Retrace the Historic Water Route of John Smith in Southern Delaware

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Nanticoke River Water Trail officially commissioned in southern Delaware. Retrace the route of historic explorer John Smith along one of the nation's most pristine waterways.

Through the officially designated Nanticoke River Water Trail, visitors to Delaware’s southernmost county can now retrace the steps of legendary English explorer John Smith, who originally sailed the waters of the Chesapeake Bay and its tributaries in the early years of the 17th century.

Stretching more than 60 miles from its headwaters in southern Delaware to Maryland’s Tangier Sound, the Nanticoke River is one of the most pristine rivers in the eastern United States.

Originally discovered by Smith and 14 members of his crew in 1608, the watershed of the Nanticoke is more than 700,000 acres and includes extensive forests, thousands of acres of freshwater wetlands, the northernmost strands of bald cypress trees on the east coast and the highest concentration of bald eagles in the northeastern United States.

Now, thanks to a joint effort between the Delaware Department of Natural Resources and Environmental Control (DNREC), the City of Seaford and Southern Delaware Tourism, among other partners, the historic river has been officially commissioned as the Nanticoke River Water Trail.

“I like to think of this water trail as a living storybook that will entice more visitors and residents to discover the pristine beauty of the Nanticoke River, and the rich history of its watershed,” says Scott Thomas, executive director of Southern Delaware Tourism, the convention and visitors bureau for Sussex County, Delaware.

The Nanticoke River is also part of the first national water trail, the Captain John Smith Chesapeake National Historic Water Trail, which retraces the historic routes along the Chesapeake Bay and its tributaries taken by Smith in 1607-1608.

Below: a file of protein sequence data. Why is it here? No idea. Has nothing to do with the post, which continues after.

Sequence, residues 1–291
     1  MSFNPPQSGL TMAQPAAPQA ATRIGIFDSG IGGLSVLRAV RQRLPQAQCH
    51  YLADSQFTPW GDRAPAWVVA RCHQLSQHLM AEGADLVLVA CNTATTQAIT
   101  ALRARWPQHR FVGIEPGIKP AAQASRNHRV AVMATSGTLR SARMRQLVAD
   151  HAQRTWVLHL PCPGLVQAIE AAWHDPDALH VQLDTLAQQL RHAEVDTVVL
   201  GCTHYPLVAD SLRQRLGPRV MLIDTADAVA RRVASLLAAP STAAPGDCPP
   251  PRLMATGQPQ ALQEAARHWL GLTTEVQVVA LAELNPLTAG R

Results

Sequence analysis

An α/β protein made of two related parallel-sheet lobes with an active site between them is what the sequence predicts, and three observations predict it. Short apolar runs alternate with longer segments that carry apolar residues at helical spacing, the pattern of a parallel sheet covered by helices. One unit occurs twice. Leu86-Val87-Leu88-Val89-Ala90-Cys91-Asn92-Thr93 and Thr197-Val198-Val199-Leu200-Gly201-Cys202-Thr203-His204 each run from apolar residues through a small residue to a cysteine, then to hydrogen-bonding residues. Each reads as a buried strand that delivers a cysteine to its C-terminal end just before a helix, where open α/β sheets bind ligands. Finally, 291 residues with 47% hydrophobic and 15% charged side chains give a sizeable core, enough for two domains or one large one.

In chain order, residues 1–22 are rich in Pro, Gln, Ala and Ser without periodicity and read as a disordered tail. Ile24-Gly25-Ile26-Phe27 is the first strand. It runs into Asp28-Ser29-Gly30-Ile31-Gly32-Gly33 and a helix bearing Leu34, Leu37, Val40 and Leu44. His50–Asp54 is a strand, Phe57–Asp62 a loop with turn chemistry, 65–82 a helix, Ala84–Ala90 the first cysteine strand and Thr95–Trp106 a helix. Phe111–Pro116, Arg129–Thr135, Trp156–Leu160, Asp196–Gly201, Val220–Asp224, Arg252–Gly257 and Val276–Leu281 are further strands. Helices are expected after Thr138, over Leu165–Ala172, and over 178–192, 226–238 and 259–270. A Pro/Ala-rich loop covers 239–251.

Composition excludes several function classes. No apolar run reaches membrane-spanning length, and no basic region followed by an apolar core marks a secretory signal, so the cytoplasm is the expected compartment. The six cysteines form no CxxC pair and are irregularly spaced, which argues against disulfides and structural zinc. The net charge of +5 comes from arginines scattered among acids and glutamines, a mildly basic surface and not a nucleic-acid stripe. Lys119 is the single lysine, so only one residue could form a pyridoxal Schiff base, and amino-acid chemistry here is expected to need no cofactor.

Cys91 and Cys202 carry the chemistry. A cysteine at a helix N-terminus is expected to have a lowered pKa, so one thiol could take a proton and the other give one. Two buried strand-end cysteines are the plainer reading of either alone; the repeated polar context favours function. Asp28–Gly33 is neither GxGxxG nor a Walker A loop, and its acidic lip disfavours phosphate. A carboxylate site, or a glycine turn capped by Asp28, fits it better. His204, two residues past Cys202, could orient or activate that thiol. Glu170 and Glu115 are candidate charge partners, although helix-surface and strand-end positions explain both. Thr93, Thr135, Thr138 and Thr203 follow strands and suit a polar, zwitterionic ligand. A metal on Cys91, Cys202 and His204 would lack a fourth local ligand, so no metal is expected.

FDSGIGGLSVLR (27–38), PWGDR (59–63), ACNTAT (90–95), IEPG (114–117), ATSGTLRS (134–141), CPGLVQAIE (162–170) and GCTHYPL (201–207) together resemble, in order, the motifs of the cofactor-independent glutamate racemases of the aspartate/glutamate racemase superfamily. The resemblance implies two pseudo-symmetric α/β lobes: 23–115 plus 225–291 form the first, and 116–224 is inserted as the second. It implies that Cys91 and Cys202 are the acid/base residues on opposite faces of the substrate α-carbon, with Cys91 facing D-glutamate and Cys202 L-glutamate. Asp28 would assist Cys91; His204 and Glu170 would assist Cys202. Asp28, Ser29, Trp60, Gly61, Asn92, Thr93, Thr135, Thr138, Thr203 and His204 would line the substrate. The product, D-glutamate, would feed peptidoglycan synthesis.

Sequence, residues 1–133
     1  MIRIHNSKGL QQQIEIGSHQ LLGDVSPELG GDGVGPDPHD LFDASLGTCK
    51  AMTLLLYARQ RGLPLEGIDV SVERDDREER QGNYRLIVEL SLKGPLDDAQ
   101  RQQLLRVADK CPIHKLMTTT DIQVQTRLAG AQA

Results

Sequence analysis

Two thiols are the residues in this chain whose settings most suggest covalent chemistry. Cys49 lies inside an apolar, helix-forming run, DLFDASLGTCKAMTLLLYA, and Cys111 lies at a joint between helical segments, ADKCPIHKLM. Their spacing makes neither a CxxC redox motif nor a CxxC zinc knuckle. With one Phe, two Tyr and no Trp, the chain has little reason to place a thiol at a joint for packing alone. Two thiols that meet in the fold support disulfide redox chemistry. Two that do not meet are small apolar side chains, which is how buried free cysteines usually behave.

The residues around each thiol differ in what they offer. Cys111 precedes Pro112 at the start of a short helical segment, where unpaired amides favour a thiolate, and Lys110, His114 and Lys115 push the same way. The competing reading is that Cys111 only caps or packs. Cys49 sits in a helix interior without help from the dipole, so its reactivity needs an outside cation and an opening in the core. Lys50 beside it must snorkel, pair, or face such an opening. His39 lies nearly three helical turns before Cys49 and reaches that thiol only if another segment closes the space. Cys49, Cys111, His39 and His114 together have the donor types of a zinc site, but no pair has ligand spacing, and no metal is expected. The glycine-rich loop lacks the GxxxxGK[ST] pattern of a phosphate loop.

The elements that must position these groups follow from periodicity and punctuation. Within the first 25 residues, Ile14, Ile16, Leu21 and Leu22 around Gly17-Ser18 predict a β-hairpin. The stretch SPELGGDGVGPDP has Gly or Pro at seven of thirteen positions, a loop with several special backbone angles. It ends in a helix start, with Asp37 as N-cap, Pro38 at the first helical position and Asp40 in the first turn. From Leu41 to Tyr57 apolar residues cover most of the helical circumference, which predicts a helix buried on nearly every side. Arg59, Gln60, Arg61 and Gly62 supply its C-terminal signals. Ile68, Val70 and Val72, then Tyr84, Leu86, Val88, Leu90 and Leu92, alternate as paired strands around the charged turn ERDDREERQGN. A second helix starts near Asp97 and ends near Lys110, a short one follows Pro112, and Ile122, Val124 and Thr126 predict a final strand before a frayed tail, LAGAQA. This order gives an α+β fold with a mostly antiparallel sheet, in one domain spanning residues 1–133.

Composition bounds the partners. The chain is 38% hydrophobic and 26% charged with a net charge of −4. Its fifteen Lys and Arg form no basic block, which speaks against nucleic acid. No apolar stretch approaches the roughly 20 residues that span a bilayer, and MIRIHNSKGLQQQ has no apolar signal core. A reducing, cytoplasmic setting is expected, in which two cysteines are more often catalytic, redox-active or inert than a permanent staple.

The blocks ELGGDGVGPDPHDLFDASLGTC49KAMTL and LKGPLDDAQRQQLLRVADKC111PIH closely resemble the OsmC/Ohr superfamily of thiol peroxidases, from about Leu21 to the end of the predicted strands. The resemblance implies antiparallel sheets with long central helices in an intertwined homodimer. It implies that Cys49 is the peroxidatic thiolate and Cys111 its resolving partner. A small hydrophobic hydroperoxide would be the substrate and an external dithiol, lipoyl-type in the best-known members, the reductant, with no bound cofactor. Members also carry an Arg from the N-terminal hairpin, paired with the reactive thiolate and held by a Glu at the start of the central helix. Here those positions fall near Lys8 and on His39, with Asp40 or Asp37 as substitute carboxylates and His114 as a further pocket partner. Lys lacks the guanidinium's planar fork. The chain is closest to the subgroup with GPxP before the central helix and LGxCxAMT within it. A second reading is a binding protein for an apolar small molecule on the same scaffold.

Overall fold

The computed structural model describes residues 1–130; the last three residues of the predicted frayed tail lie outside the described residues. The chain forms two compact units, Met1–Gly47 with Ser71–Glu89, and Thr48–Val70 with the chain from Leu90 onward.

The newly commissioned Nanticoke trail begins at the river’s headwaters in Seaford and meanders along the river to the Maryland state line. The river’s watershed protects more than 100 rare and threatened species of plants and animals and is home to an eclectic collection of wildlife, including Delmarva fox squirrels, beavers, peregrine falcons and white-tailed deer.

The original name of the historic river, based in the Algonquian language, was the Kuskarawaok. It was later changed to the Nanticoke after continued European involvement with the region’s Nanticoke Indian Tribe.

Today, the trail includes some of the most biologically diverse habitats in Delaware, which holds high recreational and ecological significance, and is rich in history and culture.

More information about the new Nanticoke River Water Trail can be found at http://www.paddlethenanticoke.com, which provides information about paddling tips, downloadable maps and event resources.

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James Diehl
Southern Delaware Tourism
(302) 856-1818
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